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The Emerging Middle Class in Developing Countries

  • Homi Kharas
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    The shift in global goods production towards Asia is well documented. But global consumer demand has so far been concentrated in the rich economies of the OECD. Will that also shift towards Asia as these countries get richer? This paper defines a global middle class as all those living in households with daily per capita incomes of between USD10 and USD100 in PPP terms. By combining household survey data with growth projections for 145 countries, it shows that Asia accounts for less than one-quarter of today’s middle class. By 2020, that share could double. More than half the world’s middle class could be in Asia and Asian consumers could account for over 40 per cent of global middle class consumption. This is because a large mass of Asian households have incomes today that position them just below the global middle class threshold and so increasingly large numbers of Asians are expected to become middle class in the next ten years. The paper explores how this can help sustain global growth in the medium term, driven by product differentiation, branding and marketing in the new growth markets of Asia. La répartition mondiale de la production industrielle en faveur de l’Asie est un phénomène largement démontré. Quant à la demande de consommation mondiale, elle provenait jusqu’ici des économies riches des pays de l’OCDE. Au fur et à mesure que les pays d’Asie s’enrichissent, cette demande de consommation va-t-elle à son tour se déplacer en leur faveur ? Dans ce document de travail, la classe moyenne est définie comme foyers à revenus moyens par tête entre USD10 et USD100, en termes de pouvoir d’achat. En associant des données récoltées lors d’enquêtes auprès de ménages à des projections de croissance dans 145 pays, on s’aperçoit que l’Asie représente moins d’un quart de la classe moyenne d’aujourd’hui. Cette proportion pourrait doubler d’ici 2020. Plus de la moitié de la classe moyenne mondiale se situerait alors en Asie, et les consommateurs asiatiques pourraient représenter plus de 40 pour cent de la consommation mondiale des classes moyennes. Cela est dû au fait qu’un grand nombre de foyers asiatiques perçoive aujourd’hui des revenus les positionnant juste en dessous du seuil de la classe moyenne mondiale. Pour cette raison, il est prévu que, dans les dix prochaines années, de plus en plus d’Asiatiques fassent partie de la classe moyenne. Ce document de travail analyse la manière dont ce phénomène peut contribuer à maintenir, au moyen terme, la croissance globale, qui est provoquée par la différentiation des produits, le marquage et le marketing dans les nouveaux marchés émergents d’Asie.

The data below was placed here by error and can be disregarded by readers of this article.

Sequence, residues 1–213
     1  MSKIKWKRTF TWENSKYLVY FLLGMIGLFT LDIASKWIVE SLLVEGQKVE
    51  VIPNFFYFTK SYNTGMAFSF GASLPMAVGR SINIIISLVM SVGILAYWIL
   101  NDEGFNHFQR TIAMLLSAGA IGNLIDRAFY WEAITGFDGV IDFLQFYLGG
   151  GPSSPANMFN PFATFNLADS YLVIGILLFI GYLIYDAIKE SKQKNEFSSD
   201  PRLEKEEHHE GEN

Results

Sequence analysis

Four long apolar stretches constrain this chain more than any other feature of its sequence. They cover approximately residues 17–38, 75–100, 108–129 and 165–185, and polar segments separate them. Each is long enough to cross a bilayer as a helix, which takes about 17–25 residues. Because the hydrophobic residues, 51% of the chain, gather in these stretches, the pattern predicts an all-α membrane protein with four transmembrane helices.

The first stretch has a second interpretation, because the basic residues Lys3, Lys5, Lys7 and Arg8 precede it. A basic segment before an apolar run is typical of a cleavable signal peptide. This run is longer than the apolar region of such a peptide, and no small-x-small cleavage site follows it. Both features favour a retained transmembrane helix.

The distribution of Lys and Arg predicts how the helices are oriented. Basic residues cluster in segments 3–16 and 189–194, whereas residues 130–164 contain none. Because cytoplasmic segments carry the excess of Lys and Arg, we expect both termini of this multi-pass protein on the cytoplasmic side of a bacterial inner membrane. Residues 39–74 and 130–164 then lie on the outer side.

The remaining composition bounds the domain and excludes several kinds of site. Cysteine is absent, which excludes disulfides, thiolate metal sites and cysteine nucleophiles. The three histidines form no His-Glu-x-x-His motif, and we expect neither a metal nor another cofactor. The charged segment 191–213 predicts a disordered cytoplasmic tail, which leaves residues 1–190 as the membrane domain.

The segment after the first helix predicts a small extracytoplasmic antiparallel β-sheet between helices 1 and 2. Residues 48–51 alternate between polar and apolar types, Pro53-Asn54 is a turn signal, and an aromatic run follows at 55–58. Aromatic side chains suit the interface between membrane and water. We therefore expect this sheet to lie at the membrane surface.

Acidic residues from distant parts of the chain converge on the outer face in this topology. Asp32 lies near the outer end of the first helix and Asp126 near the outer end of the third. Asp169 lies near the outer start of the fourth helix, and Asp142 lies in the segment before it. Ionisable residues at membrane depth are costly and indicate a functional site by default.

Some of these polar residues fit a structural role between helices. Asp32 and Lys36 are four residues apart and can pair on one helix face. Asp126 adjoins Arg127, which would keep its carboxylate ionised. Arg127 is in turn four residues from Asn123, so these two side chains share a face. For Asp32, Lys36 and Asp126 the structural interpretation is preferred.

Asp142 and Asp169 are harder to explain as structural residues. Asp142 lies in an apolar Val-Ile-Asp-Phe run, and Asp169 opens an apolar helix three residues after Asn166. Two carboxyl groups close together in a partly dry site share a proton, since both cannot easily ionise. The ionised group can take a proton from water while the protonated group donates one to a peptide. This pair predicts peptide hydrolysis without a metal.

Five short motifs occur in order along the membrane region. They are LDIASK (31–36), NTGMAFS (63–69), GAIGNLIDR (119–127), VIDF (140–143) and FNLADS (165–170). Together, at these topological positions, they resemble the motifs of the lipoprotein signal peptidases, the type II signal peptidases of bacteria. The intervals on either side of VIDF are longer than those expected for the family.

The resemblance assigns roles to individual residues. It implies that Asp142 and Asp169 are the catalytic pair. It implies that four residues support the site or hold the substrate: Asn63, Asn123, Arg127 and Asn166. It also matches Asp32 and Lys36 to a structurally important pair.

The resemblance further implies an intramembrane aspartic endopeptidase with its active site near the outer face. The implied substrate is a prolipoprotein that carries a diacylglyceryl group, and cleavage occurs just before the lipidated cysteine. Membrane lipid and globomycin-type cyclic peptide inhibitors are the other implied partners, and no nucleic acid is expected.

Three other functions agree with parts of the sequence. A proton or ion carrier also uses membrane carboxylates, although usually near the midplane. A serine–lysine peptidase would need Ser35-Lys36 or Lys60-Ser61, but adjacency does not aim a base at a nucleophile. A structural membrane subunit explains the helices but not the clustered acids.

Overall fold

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    Paper provided by OECD Publishing in its series OECD Development Centre Working Papers with number 285.

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    Date of creation: 26 Jan 2010
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    Handle: RePEc:oec:devaaa:285-en
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